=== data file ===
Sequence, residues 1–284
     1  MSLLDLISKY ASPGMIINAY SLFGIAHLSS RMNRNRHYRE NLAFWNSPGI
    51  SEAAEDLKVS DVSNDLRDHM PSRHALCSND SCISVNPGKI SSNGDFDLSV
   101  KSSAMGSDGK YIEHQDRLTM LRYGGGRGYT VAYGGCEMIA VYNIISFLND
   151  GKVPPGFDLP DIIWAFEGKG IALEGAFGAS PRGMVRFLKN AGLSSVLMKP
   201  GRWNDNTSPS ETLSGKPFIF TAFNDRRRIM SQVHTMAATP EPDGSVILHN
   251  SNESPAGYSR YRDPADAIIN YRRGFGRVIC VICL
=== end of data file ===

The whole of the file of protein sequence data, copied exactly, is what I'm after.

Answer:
Sequence, residues 1–284
     1  MSLLDLISKY ASPGMIINAY SLFGIAHLSS RMNRNRHYRE NLAFWNSPGI
    51  SEAAEDLKVS DVSNDLRDHM PSRHALCSND SCISVNPGKI SSNGDFDLSV
   101  KSSAMGSDGK YIEHQDRLTM LRYGGGRGYT VAYGGCEMIA VYNIISFLND
   151  GKVPPGFDLP DIIWAFEGKG IALEGAFGAS PRGMVRFLKN AGLSSVLMKP
   201  GRWNDNTSPS ETLSGKPFIF TAFNDRRRIM SQVHTMAATP EPDGSVILHN
   251  SNESPAGYSR YRDPADAIIN YRRGFGRVIC VICL